The data in Figure 1 are for samples representing 280,000 pounds (lbs) of a specific coconut shell based carbon product supplied for POU water filter manufacture. The coconut shell was activated in Southeast Asian Sri Lanka using local coconut shell as a raw material. The producer maintains stringent control over raw material sources. All the carbon is activated in the same manufacturing plant there and water washed at a facility in the United States. Quality control and assurance is applied both at the activation site in Sri Lanka and in the United States, where the carbon is further processed and distributed.

As shown, all the carbon showed extractable arsenic levels below 5 ppb. Therefore, it would be acceptable under the new USEPA MCL rule. The mean extractable arsenic level of all samples was 0.40 ppb.

Carbon source is critical
Figure 2 illustrates data for a coconut-shell-based activated carbon from another source, which was evaluated as an alternative supply. The carbon was produced in another Pacific Rim/Southeast Asia country. The manufacturer doesn’t maintain stringent control over raw material suppliers. Quality controlis applied in the United States before further processing and distribution.

As shown, the carbon didn’t meet a 5-ppb arsenic standard. The carbon couldn’t even routinely meet a 10-ppb standard. Variability in arsenic levels between lots of carbon was high.

The above results demonstrate that meeting a stringent standard consistently with coconut shell activated carbon will require a well-defined raw material source and a rigorous testing and quality assurance (QA) program.

Coal-based carbon
In Figure 3, we find data for samples representing 340,000 lbs of acid-washed, coal-based carbon supplied for POU water filter manufacture. The carbon was produced in the same manufacturing plant, and the coal was derived from a defined source and hot acid washed to reduce arsenic. As shown, all the carbon showed extractable arsenic levels below the current MCL of 50 ppb. However, a substantial fraction of the carbon wouldn’t meet the proposed standard of 5 ppb.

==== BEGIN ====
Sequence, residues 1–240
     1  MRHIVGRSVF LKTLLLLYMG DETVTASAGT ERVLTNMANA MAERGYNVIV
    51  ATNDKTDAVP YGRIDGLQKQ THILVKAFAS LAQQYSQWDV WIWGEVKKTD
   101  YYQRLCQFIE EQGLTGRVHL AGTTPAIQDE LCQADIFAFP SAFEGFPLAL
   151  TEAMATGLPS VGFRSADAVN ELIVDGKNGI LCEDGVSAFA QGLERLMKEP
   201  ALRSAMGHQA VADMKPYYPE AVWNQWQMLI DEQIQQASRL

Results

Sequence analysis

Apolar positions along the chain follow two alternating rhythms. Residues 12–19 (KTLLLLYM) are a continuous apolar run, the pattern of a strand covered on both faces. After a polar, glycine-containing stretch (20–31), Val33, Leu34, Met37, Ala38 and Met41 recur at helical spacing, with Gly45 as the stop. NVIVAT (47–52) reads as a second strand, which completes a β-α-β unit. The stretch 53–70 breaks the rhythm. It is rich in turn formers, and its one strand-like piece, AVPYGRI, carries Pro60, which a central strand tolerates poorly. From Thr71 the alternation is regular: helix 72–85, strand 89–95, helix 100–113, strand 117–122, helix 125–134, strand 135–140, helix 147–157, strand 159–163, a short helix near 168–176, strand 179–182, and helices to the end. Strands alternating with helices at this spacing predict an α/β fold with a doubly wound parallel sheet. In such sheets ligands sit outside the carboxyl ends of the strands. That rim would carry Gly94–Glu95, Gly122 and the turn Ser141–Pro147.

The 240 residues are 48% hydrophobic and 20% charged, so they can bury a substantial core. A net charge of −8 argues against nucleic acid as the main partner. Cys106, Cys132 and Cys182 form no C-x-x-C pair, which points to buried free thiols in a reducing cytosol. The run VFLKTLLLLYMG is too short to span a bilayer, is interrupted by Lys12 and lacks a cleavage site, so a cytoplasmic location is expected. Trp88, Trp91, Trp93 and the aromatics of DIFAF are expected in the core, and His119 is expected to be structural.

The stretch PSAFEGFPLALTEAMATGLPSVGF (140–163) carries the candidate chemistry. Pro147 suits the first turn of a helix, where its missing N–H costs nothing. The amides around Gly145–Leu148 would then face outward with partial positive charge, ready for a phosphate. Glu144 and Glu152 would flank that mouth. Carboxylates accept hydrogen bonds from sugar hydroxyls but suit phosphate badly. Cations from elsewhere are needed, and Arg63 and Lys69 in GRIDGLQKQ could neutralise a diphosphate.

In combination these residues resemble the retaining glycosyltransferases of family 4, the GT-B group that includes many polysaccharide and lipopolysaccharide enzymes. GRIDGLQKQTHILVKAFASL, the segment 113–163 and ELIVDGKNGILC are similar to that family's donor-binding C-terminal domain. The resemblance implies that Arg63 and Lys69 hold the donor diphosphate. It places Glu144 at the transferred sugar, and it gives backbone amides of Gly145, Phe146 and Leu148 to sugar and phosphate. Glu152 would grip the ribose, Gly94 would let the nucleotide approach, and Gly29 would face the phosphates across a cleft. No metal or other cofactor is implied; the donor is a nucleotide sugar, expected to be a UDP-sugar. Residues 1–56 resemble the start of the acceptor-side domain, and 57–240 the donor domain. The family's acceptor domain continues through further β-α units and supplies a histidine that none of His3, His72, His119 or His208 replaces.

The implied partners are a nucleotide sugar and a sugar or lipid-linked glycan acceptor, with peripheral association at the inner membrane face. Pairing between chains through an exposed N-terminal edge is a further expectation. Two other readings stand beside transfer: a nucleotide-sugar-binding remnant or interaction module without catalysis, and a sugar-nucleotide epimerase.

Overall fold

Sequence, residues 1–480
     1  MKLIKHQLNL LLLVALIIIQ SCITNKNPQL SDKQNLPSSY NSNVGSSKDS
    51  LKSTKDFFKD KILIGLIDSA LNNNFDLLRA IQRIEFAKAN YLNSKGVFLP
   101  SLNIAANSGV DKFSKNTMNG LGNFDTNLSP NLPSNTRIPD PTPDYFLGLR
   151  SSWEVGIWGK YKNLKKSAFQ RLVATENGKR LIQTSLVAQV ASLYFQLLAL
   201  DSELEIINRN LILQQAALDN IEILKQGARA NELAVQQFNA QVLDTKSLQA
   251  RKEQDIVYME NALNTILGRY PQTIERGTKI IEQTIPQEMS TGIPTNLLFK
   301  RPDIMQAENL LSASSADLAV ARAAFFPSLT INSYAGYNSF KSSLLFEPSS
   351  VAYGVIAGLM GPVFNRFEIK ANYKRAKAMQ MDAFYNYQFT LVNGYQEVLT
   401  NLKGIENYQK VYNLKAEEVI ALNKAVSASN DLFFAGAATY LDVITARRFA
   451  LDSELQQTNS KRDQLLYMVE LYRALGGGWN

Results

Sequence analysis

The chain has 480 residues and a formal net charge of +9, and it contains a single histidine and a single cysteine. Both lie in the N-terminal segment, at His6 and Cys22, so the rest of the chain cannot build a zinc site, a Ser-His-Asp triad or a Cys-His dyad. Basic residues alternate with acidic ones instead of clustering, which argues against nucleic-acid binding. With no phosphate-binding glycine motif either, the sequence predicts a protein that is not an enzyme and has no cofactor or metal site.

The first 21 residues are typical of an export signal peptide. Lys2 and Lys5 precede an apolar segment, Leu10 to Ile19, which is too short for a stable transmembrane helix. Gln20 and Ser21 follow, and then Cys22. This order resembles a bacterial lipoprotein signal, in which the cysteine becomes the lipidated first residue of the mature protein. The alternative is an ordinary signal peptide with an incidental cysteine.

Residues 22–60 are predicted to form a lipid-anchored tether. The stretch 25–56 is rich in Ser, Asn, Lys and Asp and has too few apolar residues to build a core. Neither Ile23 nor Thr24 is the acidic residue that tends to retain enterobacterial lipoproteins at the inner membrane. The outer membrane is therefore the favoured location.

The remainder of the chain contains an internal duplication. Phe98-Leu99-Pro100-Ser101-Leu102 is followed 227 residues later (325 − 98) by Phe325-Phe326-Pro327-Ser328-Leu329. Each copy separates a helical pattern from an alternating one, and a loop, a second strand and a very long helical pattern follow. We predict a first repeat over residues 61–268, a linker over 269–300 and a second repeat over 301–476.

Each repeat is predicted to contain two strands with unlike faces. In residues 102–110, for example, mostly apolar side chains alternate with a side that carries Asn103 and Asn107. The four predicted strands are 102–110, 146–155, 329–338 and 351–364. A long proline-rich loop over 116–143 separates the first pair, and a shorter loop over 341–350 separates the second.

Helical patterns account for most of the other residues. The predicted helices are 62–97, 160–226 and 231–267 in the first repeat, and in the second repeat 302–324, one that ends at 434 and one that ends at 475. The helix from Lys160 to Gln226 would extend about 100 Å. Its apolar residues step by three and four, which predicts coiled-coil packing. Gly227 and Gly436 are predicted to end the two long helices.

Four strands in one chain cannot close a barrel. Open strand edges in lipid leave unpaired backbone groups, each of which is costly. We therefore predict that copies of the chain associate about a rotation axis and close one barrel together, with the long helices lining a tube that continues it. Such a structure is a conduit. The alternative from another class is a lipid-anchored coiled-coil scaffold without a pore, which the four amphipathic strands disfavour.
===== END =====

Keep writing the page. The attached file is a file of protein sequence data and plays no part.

The above results indicate that an acid-washed, coal-based product can meet an arsenic standard of 10 ppb or 5 ppb. However, lot selection will likely be required. This will necessitate a stringent QA program, including NSF extraction testing for each lot of carbon. Further investigation of the variability within lots will be required to define the lot size for testing that assures consistent product.

NSF Standards
NSF Standard 42 applies to complete drinking water treatment units; Standard 61 applies to individual components of a drinking water treatment unit. Generally, if a carbon passes Standard 42 testing, it will also pass Standard 61 testing. This is because the latter standard allows more latitude in specifying pre-treatment of the component. However, the opposite is not necessarily true—passing Standard 61 doesn’t mean it will pass Standard 42—which is a situation that must be recognized in the industry to assure proper use of NSF testing methodologies is being applied.

Activated carbon can be provided to POU applications and comply with a revised arsenic MCL of 5 or 10 ppb. Meeting this stringent requirement will require a well-defined carbon source, special processing (acid or water washing) and stringent QA testing by the carbon supplier. The cost of coal-based carbon for POU applications would undoubtedly increase due to increased QA costs and to rejection of some material. This will make coconut shell-based carbon more attractive for POU applications. Coconut carbon has its additional advantages of higher capacity for removal of trace organics (such as disinfection by-products like trihalomethanes, the oxygenated fuel additive MTBE and pesticides), lower dust levels and higher hardness levels. For those reasons, coconut shell is the preferred source of activated carbon for drinking water treatment applications to meet stricter arsenic standards.

About the authors
Mohammed Bayati is Western regional manager for Barnebey Sutcliffe Corp., a division of Waterlink Inc., of Canton, Ohio. Based in Santa Fe Springs, Calif., Bayati is the former technical director of the company and holds a bachelor’s degree in chemical engineering from the University of Southern California. He can be reached at (562) 802-3400, (562) 802-3480 (fax) or email: [email protected]

Mark Stouffer is the technical director for Barnebey Sutcliffe and is based in Columbus, Ohio. Stouffer holds a bachelor’s degree in chemical engineering from the Virginia Polytechnic Institute. He can be reached at (614) 258-9501, (614) 258-3464 (fax) or email: [email protected]